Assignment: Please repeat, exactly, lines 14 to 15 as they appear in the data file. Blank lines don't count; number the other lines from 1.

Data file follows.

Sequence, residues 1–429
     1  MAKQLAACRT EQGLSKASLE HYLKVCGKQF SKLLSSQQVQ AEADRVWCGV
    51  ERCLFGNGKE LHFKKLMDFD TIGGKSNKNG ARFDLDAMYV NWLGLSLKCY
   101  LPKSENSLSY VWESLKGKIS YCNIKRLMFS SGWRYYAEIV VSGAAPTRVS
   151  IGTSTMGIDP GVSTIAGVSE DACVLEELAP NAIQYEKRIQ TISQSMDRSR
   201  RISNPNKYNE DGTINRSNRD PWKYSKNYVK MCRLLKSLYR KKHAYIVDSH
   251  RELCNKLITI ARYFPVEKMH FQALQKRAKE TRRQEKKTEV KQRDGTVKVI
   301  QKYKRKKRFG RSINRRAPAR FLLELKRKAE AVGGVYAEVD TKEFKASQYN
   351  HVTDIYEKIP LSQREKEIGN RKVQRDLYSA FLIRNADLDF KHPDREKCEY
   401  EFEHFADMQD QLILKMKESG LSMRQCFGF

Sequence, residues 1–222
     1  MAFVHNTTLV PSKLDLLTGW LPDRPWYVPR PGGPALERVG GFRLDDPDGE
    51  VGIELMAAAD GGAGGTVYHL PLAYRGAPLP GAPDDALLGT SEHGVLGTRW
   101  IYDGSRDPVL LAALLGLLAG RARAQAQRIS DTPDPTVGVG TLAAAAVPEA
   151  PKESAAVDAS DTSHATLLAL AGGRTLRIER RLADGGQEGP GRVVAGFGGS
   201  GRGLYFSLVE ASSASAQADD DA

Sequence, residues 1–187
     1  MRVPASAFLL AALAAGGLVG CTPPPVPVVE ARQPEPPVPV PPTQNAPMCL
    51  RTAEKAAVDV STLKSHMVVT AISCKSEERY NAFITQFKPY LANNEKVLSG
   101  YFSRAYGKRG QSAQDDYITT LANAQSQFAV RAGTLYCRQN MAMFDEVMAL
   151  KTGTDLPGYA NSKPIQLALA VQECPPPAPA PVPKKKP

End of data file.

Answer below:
   101  IYDGSRDPVL LAALLGLLAG RARAQAQRIS DTPDPTVGVG TLAAAAVPEA
   151  PKESAAVDAS DTSHATLLAL AGGRTLRIER RLADGGQEGP GRVVAGFGGS